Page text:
I don't see why not Cliff - I would, if I had them.
Terry does not have the "bite" that microfibre has, so has fallen out of favour for many jobs where microfibre appears to do the job quicker or where the job requires that the cloth capture and hold more dust.
For oily residue remove, microfibre grabs too hard and literally sticks to the surface. Terry has its advantage here since it can glide. Very plush terry has all the bounce when folded up to put pressure down on the panel.
Once done, microsuede can be used to buff up to a high shine.
I've continued to use terry and microsuede on glass and found myself using a terry flannel with Bilt Hamber AutoBalm in door shuts. I found terry much better than microfibre with Simoniz Original Car Wax, an old-fashioned formula where terry would have been used back in the day. I was re-introduced to the idea when I tried Swissvax recently and found it worked well with Victoria Wax, too.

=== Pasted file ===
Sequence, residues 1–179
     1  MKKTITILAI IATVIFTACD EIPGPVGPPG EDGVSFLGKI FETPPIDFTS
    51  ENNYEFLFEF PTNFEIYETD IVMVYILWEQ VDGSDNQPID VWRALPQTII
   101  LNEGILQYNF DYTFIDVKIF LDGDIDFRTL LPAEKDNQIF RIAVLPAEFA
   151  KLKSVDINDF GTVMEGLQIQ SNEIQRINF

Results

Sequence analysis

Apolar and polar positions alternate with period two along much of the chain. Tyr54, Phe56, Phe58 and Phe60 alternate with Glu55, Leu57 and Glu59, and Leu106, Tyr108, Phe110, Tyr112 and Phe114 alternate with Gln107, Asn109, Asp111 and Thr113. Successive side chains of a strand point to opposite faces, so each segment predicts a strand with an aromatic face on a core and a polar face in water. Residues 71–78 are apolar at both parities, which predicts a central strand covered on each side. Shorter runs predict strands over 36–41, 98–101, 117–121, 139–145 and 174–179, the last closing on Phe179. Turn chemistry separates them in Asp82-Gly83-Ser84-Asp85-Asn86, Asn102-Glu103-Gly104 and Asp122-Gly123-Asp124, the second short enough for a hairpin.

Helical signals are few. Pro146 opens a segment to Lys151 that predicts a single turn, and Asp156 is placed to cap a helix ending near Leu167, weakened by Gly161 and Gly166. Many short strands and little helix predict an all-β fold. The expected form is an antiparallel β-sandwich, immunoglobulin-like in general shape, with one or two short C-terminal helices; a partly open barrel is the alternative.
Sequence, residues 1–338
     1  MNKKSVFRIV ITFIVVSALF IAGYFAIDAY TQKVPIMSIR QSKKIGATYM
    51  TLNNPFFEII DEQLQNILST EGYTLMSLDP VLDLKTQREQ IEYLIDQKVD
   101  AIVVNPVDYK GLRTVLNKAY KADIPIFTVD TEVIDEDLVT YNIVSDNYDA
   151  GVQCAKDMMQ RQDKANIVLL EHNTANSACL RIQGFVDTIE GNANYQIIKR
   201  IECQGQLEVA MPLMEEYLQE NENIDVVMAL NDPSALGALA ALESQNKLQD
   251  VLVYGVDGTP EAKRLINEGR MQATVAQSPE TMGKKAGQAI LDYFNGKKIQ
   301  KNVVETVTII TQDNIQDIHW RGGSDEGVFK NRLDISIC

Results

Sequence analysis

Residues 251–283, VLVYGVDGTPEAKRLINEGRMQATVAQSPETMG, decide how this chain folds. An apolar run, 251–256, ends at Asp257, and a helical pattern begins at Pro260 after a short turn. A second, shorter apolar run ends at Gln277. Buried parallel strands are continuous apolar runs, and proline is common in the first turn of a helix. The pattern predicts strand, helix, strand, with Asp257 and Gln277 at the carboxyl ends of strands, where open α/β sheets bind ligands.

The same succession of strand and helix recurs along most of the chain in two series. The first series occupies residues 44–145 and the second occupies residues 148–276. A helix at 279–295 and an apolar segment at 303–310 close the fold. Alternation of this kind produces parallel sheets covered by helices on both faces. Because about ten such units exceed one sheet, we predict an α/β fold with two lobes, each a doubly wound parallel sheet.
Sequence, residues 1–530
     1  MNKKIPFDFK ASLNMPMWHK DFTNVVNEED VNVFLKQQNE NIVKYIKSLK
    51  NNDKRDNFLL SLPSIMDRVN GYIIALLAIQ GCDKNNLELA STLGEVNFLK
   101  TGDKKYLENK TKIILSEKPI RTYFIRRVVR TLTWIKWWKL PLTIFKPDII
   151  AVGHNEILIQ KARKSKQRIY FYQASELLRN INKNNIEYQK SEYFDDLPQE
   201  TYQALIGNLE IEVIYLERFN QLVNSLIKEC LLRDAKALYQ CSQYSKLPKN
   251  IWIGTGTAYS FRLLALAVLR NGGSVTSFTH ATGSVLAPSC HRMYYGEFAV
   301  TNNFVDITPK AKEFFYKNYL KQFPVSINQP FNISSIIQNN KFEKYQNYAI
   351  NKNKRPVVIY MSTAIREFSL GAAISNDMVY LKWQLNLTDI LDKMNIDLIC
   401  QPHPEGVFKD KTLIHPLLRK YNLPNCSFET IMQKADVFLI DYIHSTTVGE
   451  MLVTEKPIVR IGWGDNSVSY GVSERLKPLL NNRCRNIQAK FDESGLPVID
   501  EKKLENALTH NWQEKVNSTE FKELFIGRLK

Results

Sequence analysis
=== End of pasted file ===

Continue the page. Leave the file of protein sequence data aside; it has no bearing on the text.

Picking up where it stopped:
Here is a word of warning from Zymol, though:
Not all towels are created equal. All commercially available towels are washed several times by the manufacturer to remove excess dye. Unfortunately, this leaves the towel looking limp and used so they are "sized" to make them look new again. This "sizing" process uses a starch and silicone mixture that will scratch and contaminate your paint finish. Zymol Towels are not "sized".
With non-automotive terry, just give them a wash with a fabric conditioner to make them super soft and enjoy. If it's not to your liking ... stop.
Certainly for oily waxes, I think terry has an advantage. I wouldn't switch over from microfibre for all jobs, though.